New Scotrail app will allow passengers to travel without buying tickets

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The new system will automatically recognise arrival station.

Rail passengers could travel using a new app that automatically charges them for journeys without the need to buy tickets.

Under plans being devised by Scotrail the as-yet unnamed system, passengers would just have to enter their destination, which would be verified via GPS as they alighted at the arrival station.

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The system which could be called Rail as You Go, is aimed by the Scottish Government-owned firm at making paying for train travel even easier than with electronic "mTickets" on its existing app.

However, the Scottish Conservatives called for ScotRail to go further and introduce a "tap in-tap out" system using bank cards, similar to those used by bus companies such as First Glasgow and on the London Underground. The party wants buses and other public transport included too.

ScotRail is testing the concept of the new app on selected passengers, Scotland on Sunday has learned.

It told those taking part: "ScotRail is working on a new "pay-as-you-go" type product. Customers will download an app and fill in their preferred payment method - they'll just do this once. When the customer arrives at the station, they'll tap 'Begin Journey' on the app, and confirm their location via a prompt.

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"A barcode pass will then be generated - this is basically the ticket for travel, and that's what's used to pass through the station gate and show the ticket examiners. There's no further action to be taken after that. The app will automatically recognise the end of your journey and will check for the cheapest fare available before taking payment."

New Scotrail app will allow passengers to travel without buying ticketsNew Scotrail app will allow passengers to travel without buying tickets
New Scotrail app will allow passengers to travel without buying tickets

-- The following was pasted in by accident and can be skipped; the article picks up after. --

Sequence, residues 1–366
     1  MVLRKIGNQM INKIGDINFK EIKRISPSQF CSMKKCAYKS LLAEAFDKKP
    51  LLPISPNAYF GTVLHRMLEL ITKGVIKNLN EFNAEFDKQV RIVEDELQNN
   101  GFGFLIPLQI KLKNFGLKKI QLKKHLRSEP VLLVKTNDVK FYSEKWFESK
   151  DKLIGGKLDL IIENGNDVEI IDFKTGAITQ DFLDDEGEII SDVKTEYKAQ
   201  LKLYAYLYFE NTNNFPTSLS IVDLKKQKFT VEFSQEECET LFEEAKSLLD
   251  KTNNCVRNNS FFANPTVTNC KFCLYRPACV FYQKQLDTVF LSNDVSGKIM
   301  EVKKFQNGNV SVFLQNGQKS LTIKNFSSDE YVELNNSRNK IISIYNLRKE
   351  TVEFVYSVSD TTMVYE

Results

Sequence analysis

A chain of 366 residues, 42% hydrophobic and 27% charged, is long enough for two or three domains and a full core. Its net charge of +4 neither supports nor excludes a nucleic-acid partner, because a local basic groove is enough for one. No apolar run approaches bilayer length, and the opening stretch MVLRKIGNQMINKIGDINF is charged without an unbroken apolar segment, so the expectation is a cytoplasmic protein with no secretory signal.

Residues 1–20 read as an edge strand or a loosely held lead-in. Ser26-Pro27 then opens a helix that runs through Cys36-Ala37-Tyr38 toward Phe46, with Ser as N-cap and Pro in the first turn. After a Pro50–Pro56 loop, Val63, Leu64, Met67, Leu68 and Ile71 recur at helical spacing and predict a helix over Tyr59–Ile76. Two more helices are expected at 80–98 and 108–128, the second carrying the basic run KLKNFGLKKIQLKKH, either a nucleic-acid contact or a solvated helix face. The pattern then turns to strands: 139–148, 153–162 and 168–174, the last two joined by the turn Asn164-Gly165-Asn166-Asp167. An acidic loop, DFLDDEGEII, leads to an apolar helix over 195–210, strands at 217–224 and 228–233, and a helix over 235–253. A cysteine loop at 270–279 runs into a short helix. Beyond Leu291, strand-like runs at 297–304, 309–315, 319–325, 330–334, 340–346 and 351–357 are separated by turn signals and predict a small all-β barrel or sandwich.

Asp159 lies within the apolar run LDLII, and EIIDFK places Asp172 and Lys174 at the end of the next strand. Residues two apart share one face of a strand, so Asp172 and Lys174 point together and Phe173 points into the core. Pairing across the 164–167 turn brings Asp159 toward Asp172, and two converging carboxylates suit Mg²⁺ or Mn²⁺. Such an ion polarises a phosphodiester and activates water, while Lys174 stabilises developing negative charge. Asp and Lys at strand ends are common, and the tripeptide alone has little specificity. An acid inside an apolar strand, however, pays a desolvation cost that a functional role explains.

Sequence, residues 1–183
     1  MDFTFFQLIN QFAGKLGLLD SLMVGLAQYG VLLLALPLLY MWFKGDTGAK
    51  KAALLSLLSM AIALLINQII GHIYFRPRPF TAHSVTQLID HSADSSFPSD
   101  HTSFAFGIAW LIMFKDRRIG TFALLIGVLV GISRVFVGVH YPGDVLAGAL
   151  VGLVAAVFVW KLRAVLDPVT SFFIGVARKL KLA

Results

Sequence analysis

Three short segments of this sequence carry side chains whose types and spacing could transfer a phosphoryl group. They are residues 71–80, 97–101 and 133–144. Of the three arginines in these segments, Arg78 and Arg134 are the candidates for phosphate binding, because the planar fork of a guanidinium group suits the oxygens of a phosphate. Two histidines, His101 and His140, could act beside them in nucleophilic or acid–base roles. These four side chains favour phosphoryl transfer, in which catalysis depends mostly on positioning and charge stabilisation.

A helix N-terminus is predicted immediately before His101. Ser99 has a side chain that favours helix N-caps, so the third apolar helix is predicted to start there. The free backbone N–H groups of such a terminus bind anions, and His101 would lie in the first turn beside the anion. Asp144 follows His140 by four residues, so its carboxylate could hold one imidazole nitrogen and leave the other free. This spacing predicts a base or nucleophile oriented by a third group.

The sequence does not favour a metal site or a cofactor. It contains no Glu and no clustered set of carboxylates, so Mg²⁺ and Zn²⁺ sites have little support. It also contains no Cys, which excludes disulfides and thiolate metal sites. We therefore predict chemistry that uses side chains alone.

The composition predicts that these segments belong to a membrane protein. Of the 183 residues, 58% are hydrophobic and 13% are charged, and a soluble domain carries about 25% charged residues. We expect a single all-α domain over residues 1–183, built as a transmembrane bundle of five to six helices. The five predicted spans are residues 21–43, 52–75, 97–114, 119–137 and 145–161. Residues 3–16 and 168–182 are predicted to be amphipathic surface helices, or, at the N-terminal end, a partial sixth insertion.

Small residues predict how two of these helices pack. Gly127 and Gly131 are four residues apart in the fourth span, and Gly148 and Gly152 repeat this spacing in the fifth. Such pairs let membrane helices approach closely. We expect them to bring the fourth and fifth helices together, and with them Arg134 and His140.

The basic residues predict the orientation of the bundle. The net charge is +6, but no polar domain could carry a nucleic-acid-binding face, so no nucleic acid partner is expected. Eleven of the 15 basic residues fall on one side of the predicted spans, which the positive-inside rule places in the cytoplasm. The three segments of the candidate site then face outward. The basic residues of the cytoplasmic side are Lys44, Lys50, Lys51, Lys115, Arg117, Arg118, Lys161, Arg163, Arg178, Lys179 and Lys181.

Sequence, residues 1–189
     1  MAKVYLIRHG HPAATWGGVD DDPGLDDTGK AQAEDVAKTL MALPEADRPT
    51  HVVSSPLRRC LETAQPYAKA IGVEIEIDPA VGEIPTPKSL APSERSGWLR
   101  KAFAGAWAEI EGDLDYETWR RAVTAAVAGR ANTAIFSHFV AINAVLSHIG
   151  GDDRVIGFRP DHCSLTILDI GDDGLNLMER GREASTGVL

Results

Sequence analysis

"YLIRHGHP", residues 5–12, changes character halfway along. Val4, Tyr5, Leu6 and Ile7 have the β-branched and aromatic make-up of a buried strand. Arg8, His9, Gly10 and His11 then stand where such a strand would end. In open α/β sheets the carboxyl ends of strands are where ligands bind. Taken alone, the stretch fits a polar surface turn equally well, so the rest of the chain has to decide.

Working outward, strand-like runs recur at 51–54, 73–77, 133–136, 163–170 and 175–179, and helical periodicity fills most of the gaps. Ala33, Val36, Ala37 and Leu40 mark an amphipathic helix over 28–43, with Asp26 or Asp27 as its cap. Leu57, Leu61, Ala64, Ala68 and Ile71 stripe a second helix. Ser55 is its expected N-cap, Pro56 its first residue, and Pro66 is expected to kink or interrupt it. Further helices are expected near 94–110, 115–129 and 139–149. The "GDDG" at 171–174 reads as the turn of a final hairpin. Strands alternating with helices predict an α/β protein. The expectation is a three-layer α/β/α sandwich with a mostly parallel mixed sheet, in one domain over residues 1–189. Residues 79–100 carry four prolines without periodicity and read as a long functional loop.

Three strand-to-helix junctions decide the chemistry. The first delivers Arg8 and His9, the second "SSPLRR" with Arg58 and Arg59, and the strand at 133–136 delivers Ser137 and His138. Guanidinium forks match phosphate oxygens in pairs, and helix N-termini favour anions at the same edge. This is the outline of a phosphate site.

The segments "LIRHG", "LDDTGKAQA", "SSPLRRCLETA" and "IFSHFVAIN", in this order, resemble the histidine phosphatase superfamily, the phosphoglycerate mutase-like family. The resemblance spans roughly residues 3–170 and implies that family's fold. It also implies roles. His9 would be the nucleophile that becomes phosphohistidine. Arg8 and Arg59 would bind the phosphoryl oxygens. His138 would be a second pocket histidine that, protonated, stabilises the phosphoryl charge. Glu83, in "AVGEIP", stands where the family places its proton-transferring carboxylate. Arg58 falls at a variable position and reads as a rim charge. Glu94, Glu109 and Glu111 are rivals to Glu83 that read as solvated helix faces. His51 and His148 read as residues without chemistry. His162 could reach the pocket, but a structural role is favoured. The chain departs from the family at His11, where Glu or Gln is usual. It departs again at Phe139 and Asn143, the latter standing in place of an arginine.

ScotRail said staff would test it first, followed by some passengers. Interim commercial director Claire Dickie said: "The new app takes mTickets a step further by removing the need to pre- purchase a ticket, enhancing the journey experience for our customers. We are in the very early stages of testing its functionality before we move to an initial set of invited customers who will trial the app. The barcode generated by the app means customers would automatically be charged the cheapest fare based on the journey taken."

Scottish Conservatives transport spokesperson Graham Simpson, who offered to take part in the trial, said: "This sounds interesting, although it is not too different to the ScotRail app at the moment in that you would still need to use your phone to tap in and out of certain stations. We have been calling for a system where you could tap in and out using your bank card, therefore doing away with the need to have an app. Transport Scotland should be more ambitious, though, and go to companies who can provide multi-modal apps working along similar lines. That's where we need to get to - and the technology exists. But anything that makes life easier for passengers is worth exploring."

Scottish Labour transport spokesperson Alex Rowley said "Boosting train use will deliver huge environmental and economic benefits and any efforts to make rail travel more convenient is welcome. It is essential that this new system gives passengers the cheapest possible fares so no-one is left out of pocket. The SNP must work with ScotRail to deliver the accessible, reliable and affordable rail system Scotland needs."

Anything that makes life easier for passengers is worth exploring

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